Data within the matrix can be analyzed as a single element or a range of elements using the comma operator.

Here we are calculating the mean or average of the first test for all students.

It is important to remember that the first index value used represents the row in the matrix and the second value represents the column index.

We previously mentioned that the data stored in an R matrix must be of the same data type, but the rows and columns can be given names instead of simply using numeric index values.

In this example, we want to clarify that the columns really represent the student id, test1, and test2 elements.

We accomplish this using the colnames() function. This function accepts a vector with the terms to be associated with each column in the matrix.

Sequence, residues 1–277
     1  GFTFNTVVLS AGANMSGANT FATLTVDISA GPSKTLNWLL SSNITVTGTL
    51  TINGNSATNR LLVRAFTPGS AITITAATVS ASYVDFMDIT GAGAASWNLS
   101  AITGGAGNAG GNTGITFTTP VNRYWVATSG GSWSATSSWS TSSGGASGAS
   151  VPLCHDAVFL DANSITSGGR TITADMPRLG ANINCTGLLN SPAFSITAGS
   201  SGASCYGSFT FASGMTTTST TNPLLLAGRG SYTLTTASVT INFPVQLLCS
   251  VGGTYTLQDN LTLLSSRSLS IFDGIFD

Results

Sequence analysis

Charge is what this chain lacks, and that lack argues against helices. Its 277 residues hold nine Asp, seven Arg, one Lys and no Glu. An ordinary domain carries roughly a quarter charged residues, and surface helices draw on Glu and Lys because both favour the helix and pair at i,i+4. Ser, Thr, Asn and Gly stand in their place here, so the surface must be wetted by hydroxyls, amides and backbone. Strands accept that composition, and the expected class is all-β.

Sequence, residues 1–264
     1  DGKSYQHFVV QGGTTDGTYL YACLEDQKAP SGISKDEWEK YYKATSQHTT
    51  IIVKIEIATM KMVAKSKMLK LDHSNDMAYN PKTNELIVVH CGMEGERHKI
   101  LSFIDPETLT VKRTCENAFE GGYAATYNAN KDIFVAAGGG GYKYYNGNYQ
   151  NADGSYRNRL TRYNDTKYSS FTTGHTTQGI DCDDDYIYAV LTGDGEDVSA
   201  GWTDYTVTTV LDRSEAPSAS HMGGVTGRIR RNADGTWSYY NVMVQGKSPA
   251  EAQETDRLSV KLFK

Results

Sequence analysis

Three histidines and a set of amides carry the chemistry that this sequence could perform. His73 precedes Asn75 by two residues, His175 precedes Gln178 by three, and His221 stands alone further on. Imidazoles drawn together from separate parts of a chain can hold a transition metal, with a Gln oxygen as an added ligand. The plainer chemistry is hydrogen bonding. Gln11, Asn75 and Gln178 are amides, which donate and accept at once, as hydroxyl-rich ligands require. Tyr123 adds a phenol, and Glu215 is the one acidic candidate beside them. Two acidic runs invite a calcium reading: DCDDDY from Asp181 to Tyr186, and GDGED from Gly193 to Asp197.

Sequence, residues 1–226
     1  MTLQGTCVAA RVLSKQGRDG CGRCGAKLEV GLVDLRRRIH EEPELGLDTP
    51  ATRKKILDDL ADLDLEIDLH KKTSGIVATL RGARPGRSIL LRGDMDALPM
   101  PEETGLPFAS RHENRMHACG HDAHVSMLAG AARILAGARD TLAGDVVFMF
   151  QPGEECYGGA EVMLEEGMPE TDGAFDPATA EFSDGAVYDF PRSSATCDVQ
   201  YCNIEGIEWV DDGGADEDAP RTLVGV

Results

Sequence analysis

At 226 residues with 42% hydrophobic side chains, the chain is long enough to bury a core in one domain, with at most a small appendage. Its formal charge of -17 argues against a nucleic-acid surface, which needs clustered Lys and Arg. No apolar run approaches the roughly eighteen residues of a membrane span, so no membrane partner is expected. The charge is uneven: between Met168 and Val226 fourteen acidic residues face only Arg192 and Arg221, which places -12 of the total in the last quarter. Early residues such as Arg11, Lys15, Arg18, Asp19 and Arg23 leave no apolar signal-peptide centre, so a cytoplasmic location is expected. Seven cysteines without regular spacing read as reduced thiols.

Now, we can perform the same computation across the scores matrix using the column name reference of "test1". Using column names provides additional flexibility as you no longer need to worry about the index value changing over time.

A list is an ordered collection of objects. Unlike vectors, the objects can be of mixed data types and they can also be of different lengths.

In this example, we start with 2 independent vectors. A character vector of student names and a numeric vector of ages.

A list structure called classroom is created using the list() function. The list consists of copies of the students and ages vectors.

A single set of square brackets [] is used to retrieve a copy of the data contained in a list.

The data is always returned in the form of a list data structure.